Casearia chirindensis Engl.
Rinorea cafassii Chiov.
Casearia battiscombei is an evergreen tree with a vertical crown; it can grow up to 40 metres tall. The bole is generally straight, sometimes fluted, 30 - 45cm in diameter, exceptionally to 90cm, with buttresses up yo 180cm high. Sometimes the plant is no more than a shrub with branches horizontally in tiers, or straggling[
The tree is harvested from the wild for its wood, which is used locally and also traded. It is planted for amenity and to provide shade[
Sawdust from the wood can be irritating to mucous membranes[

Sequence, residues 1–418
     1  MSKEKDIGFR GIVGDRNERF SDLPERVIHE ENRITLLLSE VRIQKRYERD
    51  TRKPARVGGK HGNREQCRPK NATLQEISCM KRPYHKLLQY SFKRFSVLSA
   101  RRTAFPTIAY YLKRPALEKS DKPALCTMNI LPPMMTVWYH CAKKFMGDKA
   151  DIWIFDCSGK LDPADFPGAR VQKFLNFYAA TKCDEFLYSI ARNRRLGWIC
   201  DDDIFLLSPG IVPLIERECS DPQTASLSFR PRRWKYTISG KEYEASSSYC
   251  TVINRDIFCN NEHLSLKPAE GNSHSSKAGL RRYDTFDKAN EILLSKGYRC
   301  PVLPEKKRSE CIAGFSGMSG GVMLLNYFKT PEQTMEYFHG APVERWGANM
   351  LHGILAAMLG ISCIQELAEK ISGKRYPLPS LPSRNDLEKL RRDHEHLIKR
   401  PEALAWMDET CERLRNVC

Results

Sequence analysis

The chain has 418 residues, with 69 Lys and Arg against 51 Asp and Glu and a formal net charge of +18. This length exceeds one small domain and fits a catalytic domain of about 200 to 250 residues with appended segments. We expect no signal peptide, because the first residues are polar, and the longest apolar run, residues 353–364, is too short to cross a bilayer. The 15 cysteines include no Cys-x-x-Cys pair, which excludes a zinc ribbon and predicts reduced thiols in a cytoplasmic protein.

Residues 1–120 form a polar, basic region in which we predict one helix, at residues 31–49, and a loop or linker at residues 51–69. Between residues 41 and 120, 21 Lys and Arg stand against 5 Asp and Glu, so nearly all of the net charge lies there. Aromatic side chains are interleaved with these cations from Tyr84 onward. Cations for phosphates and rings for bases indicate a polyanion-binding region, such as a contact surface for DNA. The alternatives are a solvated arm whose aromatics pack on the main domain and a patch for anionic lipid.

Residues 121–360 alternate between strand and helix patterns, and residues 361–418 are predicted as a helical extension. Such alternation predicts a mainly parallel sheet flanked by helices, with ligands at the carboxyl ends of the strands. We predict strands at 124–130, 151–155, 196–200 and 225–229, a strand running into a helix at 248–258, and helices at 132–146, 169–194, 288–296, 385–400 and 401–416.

East tropical Africa - Uganda, Kenya, southern Somalia, Tanzania, Malawi, Mozambique, Zimbabwe.
Rain-forest; remnants of evergreen forest; at elevations from 1,000 - 2,440 metres[
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The heartwood is limited to a narrow dark-brown core; most of the wood is sapwood, which is whitish to pale yellow-brown with red streaks. The texture is fine and even; the grain straight; it has an unpleasant odour when freshly sawn, though this disappears upon drying. The wood is soft and brittle; it is not very durable, being vulnerable to attack by decay fungi and termites, and liable to blue stain. It air dries moderately slowly with some tendency to warp. It works easily with machine and hand tools; dresses to a smooth surface; is easy to nail. The wood is used for purposes such as boxes and crates, interior joinery, furniture components and carving[
The wood is used for fuel[
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